The legacies of Prime Ministers

Somewhere around the middle of their terms, all elected heads of government in proper democracies start to worry about their legacies. “What will I remembered for”, they wonder. 

Narendra Modi has reached that stage. Regardless of his conviction that the people will vote the BJP back in 2019, and the tireless efforts of his party president to ensure a victory, there are no guarantees in the electoral game.

Indira Gandhi and Rajiv Gandhi both had huge majorities but both were voted out. In 1989 Rajiv went from 415 seats to a mere 197, losing as many as 218 seats. In 1977, Indira Gandhi went from 352 seats to just 153 again losing almost 200 seats. 

Mr Modi has much less to play with – a majority of a mere 9 seats, which will go because the BJP cannot once again hope to win 100 per cent of the seats in Gujarat, Rajasthan and Madhya Pradesh. The only question now is how far below 272 will the BJP fall.

There is no real way of telling. But if you look at the elections since 1989, the people feel comfortable with giving between 180-220 seats to the single largest party.  

So the probability that India will be back to coalitions in 2019 is one ie, a certainty. The only question is about its size which will depend on the number of seats the BJP loses. 

It is too early to tell. But I’d bet on at least 100. That is why the BJP has started buttering up potential allies in different states.

For the moment, it looks certain that Mr Modi will be the prime minister once again. But remember: that is how it looked in 2004 also but Atal Behari Vajpayee was voted out.

Still, if we assume that Mr Modi will continue for another term, he will have a lot less political room. Mr Modi must surely know this and that could be one reason why he is in such a hurry to push through irreversible reforms.  
So what is he going to be remembered for?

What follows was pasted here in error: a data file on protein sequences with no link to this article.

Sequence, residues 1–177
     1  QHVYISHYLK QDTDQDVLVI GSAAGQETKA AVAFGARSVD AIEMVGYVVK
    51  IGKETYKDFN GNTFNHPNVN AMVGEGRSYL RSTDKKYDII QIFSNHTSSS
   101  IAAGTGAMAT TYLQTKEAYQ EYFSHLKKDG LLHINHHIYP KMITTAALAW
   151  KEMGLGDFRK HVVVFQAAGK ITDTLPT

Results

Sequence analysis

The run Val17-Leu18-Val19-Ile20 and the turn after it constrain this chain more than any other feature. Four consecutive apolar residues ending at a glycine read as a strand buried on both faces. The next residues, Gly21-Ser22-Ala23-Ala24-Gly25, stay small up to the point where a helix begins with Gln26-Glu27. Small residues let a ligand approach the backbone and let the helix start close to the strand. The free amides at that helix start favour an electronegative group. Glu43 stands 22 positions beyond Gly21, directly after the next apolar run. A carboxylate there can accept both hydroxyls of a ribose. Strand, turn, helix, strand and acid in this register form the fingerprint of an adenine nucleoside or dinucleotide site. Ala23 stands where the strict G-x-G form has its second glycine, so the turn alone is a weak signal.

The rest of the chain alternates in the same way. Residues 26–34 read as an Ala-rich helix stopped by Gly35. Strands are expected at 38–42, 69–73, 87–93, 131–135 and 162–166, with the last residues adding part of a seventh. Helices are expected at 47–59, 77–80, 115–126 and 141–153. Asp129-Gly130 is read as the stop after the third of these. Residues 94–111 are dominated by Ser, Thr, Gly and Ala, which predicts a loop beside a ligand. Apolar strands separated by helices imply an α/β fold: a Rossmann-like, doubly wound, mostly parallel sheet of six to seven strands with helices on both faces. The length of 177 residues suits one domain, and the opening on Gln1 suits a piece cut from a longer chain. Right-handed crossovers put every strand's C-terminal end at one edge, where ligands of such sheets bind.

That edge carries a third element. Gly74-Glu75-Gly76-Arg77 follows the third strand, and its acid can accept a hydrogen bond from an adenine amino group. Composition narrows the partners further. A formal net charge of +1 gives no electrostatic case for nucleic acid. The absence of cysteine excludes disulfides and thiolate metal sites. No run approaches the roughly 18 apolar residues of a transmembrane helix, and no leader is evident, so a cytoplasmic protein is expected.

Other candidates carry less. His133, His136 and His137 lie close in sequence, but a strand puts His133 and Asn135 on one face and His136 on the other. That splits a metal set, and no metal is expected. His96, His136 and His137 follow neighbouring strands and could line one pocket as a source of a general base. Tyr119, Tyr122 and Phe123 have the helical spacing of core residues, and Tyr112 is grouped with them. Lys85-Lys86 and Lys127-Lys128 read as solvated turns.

The good and the bad

I conducted a little survey about past prime ministers to see what the past offers. It was the old association-of-ideas trick. 

You take a name and ask the respondent to say the first thing that comes to mind, a verbal Rorschach test, so to speak. It has the virtue of eliciting honest responses because no time is given.

I found that a clear pattern. Every prime minister who has served for five years or more is remembered for one good thing and one bad thing. That’s all. Everything else ceases to matter. Thus: 

  • Jawaharlal Nehru is remembered for socialist planning (good) and the military defeat in 1962 to China (bad).
  • Indira Gandhi is remembered for breaking up Pakistan (good) and the Emergency (bad).
  • Rajiv Gandhi is remembered for computerising India (good) and Bofors (bad).
  • P V Narasimha Rao is remembered for reforms (good) and the Babri Masjid demolition (bad).
  • Atal Behari Vajpayee is remembered for throwing the Pakistani army out of Kargil (good) and the India Shining campaign (bad).
  • Manmohan Singh, the only prime minister since Nehru to serve two consecutive terms, is remembered for the nuclear deal with the US (good) and the scams in his government (bad).

Then I looked up the standard books and it turns out that history writers choose their emphasis between these options of good or bad depending on their political leanings. Given human frailties, the bads tend to dominate.

Mr William Shakespeare summed it up best: “The evil that men do lives after them; the good is oft interred with their bones.”   

So if he doesn’t want to be remembered solely for demonetisation (bad) and GST (good, eventually), Mr Modi still has 18 months to shape his legacy. What can he do? 

Or is the damage already done and there is nothing much that he can do?

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